Businesses Waiting on Collaboration Benefits: Forrester

According to a report by Forrester, businesses are investing in collaboration tools, but are still trying to get the full range of benefits from them.

Enterprises as well as small and midsize businesses are investing in collaboration tools, but beyond reducing travel expenses and improving corporate communications, they aren't seeing a lot of benefits, according to a recent survey by Forrester Research.

Products like team workspaces, social tools like blogs and wikis, desktop video conferencing, and unified communications solutions are among the most popular, the March 21 report said. However, of the 12 benefits of collaboration technology that Forrester tracks, almost two-thirds of the businesses that are deploying such technologies are seeing between zero and four benefits.

Of those benefits, the two primary ones seen so far-reduced travel costs and enhanced corporate communications-are easy to gauge, according to T.J. Keitt, the lead analyst on the study. However, the real value of these tools will come when they also improve such areas as time to market, innovation and partner relationships.

"These two benefits are low-hanging fruit because they are easy to measure," Keitt said in the study. "A review of travel expenditures pre- and post-deployment of a collaboration tool can point to savings. Likewise, executives and the HR department using blogs and wikis to disseminate information instead of shipping paper is simple for the business to track. So it's easy to see why the majority of businesses view these as the foremost benefits of using collaboration technology."

To get beyond those basic enhancements, Forrester suggests introducing a wide variety of collaboration tools that can meet a growing range of business needs, and ensuring that those tools meet the needs of employees. The study indicates that once a business deploys four or five collaboration tools, there is a significant improvement in the number of survey respondents who say their company is benefiting from the technologies.

In addition, it's important to have the tools on hand when employees need them.

"For many business processes, the key is having the right tool at the right time," Keitt wrote in the study. "For example, a project team might need instant messaging for ad hoc communications, team workspaces for sharing documents and co-authoring, and desktop videoconferencing for team meetings. So C&C pros need to identify workers in dynamic business processes-like product development-and provide them with a range of tools that provide options for how they collaborate."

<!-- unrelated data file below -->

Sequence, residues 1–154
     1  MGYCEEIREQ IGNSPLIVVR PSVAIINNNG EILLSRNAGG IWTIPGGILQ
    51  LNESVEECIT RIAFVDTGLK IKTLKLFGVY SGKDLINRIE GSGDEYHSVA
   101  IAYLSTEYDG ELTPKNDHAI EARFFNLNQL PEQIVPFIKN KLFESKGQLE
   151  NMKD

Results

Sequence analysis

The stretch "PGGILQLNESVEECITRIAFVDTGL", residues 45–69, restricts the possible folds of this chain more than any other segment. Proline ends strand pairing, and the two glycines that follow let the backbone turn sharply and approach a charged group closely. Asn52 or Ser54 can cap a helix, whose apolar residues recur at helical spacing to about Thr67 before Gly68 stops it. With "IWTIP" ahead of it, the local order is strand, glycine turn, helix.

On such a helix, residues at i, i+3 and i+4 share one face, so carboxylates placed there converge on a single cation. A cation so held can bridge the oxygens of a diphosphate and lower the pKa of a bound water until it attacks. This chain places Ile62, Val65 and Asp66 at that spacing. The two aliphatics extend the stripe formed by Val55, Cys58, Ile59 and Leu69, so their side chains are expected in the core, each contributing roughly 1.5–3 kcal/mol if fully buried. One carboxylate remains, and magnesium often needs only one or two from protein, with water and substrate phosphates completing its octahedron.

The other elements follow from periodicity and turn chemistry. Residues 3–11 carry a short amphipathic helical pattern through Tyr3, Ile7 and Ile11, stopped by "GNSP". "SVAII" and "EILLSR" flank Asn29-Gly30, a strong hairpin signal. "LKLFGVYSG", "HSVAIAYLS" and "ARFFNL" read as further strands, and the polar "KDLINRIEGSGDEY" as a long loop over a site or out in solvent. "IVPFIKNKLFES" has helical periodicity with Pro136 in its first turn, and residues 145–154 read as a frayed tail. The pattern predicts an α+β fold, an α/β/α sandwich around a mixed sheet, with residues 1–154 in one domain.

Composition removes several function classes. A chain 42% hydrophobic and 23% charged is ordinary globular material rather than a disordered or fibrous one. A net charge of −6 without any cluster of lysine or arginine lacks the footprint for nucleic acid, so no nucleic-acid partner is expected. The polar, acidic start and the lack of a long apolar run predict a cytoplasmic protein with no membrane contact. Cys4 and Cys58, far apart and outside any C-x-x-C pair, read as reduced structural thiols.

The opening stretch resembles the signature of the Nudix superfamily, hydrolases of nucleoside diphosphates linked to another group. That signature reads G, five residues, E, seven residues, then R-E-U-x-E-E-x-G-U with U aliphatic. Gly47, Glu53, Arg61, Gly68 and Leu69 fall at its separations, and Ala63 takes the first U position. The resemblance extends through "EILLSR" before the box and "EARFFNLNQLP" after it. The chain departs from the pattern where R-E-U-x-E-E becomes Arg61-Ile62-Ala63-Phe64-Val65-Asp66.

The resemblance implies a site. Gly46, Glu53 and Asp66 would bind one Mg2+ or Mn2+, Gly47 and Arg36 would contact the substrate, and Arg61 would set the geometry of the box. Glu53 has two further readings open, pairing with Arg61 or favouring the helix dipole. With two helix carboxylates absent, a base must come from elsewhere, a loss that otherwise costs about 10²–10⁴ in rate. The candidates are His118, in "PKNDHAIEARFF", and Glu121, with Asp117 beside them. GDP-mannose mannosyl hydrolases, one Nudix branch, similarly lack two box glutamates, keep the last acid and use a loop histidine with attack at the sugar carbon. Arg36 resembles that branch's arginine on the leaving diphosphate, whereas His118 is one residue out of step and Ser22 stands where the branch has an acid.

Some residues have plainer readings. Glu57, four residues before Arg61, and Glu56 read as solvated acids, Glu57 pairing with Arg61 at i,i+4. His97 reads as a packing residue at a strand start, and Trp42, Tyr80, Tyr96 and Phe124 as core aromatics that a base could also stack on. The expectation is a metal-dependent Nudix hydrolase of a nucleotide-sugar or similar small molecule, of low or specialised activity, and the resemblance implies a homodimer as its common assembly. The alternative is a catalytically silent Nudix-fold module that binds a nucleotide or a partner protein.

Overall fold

Vendors see a big market for collaboration technologies. Cisco Systems officials say it could be as much as a $30 billion opportunity. Cisco is among a wide range of vendors-the list includes companies from Hewlett-Packard and IBM to Microsoft, Avaya and Polycom-looking to gain greater traction in the space.

According to Forrester's study, companies are buying the technologies. Now the trick is to wring the most benefits from them, particularly in a world where more people are working at least part of the time outside the office. About 43 percent of information professionals work from multiple locations during a month, and 42 percent spend time working in locations outside of the corporate firewall, including at home and at customer sites, according to Forrester.

"The number of employees who need to communicate and collaborate with highly distributed teams will only increase as telecommuting becomes more prevalent and businesses emphasize collaborative interactions with partners and customers," Keitt said in the report.

In a blog supporting the study, he said there seems to be a disconnect between the growing number of mobile workers and the low percentage of businesses seeing improved innovation and time-to-market from collaboration technologies. Some of that disconnect comes from businesses using collaboration tools not necessarily to improve collaboration, but to reduce costs-such as travel expenses-associated with collaboration, Keitt said.

In addition, some businesses deploy collaboration tools before creating a clear collaboration strategy, and beyond reduced operational costs, it's difficult to measure the benefits derived from the technologies.

Businesses are going to need to get past these obstacles if they're to gain the true benefits of collaboration technologies, he said in the report.

"The key for broader collaboration technology adoption in the workforce is seamless integration into business processes," Keitt said. "For example, this can mean adding collaboration technologies to the product-lifecycle-management software to allow product managers to track events and facilitate interactions with engineers. Linking these tools will help improve metrics such as time-to-market because workers will be able to find people and information in the context of their workflows."